I grew up a competitive swimmer. I started at the age of 5 and swam competitively for 17 years all the way through college. Being a swimmer, I became very self aware of my body. I had a lot of bodywork done. I knew of my strengths, weaknesses, and asymmetries.
Even though I worked hard, I always felt like I was capable of more but I didn’t know how to get there.
Having spent my career studying the human body, there are top three things I wish I knew about when I was an athlete… and, no, nutrition is not one of them. I knew about nutrition when I was an athlete.
It was definitely an area that I could have improved, but I’m not going to mention it in this article because I feel like the other issues would have made a bigger difference in my peak performance and there’s tons of information about nutrition.
Airway and Sleep Quality
Back in December of 2018, I was diagnosed with severe sleep apnea. A 3D scan of my face and airway revealed that my airway was about 1/3 of the size it should be. This did not happen because of obesity or old age, but a different more common factor that I had had all my life… an underdeveloped jaw.
According to Richard Klein, Stanford paleontologist, our jaws, both upper and lower, don’t develop to the same size that they had previously and are still shrinking. However, even though our jaws don’t develop fully, it does not mean that our muscles, especially the tongue, develop proportionately smaller.
A full sized tongue has to go somewhere if there isn’t enough space for it in the mouth so it encroaches into the airway. That makes the space for the air to go through the airway smaller. This is a surprisingly a very common problem and is why my airway is 1/3 of the size it should be.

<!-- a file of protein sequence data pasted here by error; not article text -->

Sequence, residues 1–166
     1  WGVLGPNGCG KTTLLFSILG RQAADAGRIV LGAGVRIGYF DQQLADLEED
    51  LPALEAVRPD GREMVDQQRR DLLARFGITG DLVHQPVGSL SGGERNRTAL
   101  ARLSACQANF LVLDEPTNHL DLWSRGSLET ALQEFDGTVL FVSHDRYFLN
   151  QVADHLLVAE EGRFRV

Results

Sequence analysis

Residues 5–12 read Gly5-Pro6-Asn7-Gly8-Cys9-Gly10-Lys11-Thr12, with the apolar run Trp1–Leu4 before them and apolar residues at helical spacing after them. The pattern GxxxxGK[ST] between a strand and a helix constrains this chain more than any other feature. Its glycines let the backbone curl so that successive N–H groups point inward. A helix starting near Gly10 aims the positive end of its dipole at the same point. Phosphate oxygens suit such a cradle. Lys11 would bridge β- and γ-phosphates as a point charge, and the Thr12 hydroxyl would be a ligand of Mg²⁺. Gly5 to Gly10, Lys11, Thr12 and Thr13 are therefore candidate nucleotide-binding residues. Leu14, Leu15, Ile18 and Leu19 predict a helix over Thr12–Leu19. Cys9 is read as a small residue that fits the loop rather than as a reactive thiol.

During the day, the problem is not as bad, but at night is when things go really bad. During my sleep test, I stop breathing dropping my oxygen levels dangerously low many times per hour.
What I’m seeing in my office are many signs of underdeveloped jaws including braces, crammed or crowded teeth, tongue scalloping (indentations of teeth on the sides of the tongue), narrow and hight palates, tongue ties, grinding teeth at night, and more. The more we’ve scanned people with home sleep test, the more we’ve found this to be a major problem.
We see kids, including my daughter, who are not getting proper sleep due to their airway and when corrected, are much better able to focus and behave better. We’ve even heard of and successfully helped a few kids with bedwetting issues almost instantly once their sleep disorders were corrected.
So, why should any athlete care about this?
For one, hopefully I don’t have to explain the importance of oxygen in athletic performance. Mathematically a tube that is 1/3 of the size that it should be does not have 1/3 of the oxygen going through it than a full sized tube. It has much less than that. Any athlete wanting peak performance wants to be getting as much oxygen as possible into their lungs. Imagine trying to get all your oxygen through a straw. Your performance would suffer dramatically. Especially the more you increased your effort.